What are the top 10 research priorities for international researchers working in the field of women’s health and diabetes? According to a recent report in HCPLive®, British researchers surveyed both healthcare providers and women with diabetes to determine which areas of unmet need could benefit from more research.
The first phase of the project involved a survey, which received 466 responses. In a second phase, the participants met for a workshop to reach a consensus on the main priorities.
The top 10 research priorities for diabetes and pregnancy are:
Diabetes technology Optimal testing for diabetes during pregnancy Diet and lifestyle Interventions Emotional and well-being needs of women with diabetes before to post-pregnancy Safe delivery in the long term Post-natal care and support needs of women Diagnosis and treatment late in pregnancy Prevention of other types of diabetes in women with gestational diabetes Women labor and birth experiences and choices Improving pregnancy planning
Risk of dementia associated with earlier onset of diabetes
A recently published study in JAMA found an association between an increased risk of dementia the younger the patient was with type 2 diabetes (T2D). In a prospective cohort study of 10,095 participants in the United Kingdom, the adjusted analysis found that at age 70, the hazard ratio for each 5-year age at which T2D started was 1.24 (95% CI, 1.06-1, 46).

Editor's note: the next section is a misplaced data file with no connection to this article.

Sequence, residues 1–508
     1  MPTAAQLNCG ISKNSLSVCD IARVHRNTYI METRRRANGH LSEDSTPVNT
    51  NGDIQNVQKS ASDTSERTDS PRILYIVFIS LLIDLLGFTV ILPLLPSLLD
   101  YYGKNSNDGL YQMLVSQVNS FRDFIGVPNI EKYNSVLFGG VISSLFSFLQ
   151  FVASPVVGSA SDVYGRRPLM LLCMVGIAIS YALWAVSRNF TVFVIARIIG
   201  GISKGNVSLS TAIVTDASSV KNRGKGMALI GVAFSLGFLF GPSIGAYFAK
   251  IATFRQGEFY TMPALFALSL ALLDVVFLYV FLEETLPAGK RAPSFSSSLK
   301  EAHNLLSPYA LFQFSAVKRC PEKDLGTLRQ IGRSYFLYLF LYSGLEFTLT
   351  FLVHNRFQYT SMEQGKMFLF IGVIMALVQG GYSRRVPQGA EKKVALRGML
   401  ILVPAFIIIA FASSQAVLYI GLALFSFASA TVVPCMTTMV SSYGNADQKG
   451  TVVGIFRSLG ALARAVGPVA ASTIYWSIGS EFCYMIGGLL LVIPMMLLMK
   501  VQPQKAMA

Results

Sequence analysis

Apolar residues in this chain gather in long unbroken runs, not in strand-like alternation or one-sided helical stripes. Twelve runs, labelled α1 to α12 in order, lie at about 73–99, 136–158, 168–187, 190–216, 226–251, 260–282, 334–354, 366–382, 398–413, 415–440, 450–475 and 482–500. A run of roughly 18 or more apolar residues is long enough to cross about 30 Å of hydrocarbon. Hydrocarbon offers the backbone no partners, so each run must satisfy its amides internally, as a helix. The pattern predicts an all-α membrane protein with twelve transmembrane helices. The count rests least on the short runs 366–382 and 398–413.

Researchers were only able to make a few hypotheses for the association, such as a link between brain metabolic dysfunction and insulin resistance, as well as higher rates of hypoglycemia with diabetes treatment, increasing the risk of dementia.
The study was also reported in HCPLive®.
Diabetic ketoacidosis increases in children during COVID-19
According to a recent study in Diabetes Care, there is an increase in the number of children with T2D presenting with diabetic ketoacidosis (DKA).
The study was conducted at the Children’s Hospital of Los Angeles, where researchers examined medical records of patients with newly-emerging T2D between March and August 2018 to 2020. The results showed a large spike in these cases, from 9% in 2018, to 3% in 2019, and then by 20% in 2020 (P = .029).
The researchers theorized that because of the pandemic, children may have missed pediatrician appointments, had less physical activity, or had less access to healthy food. There may also be a biological link between the virus and diabetes, they said.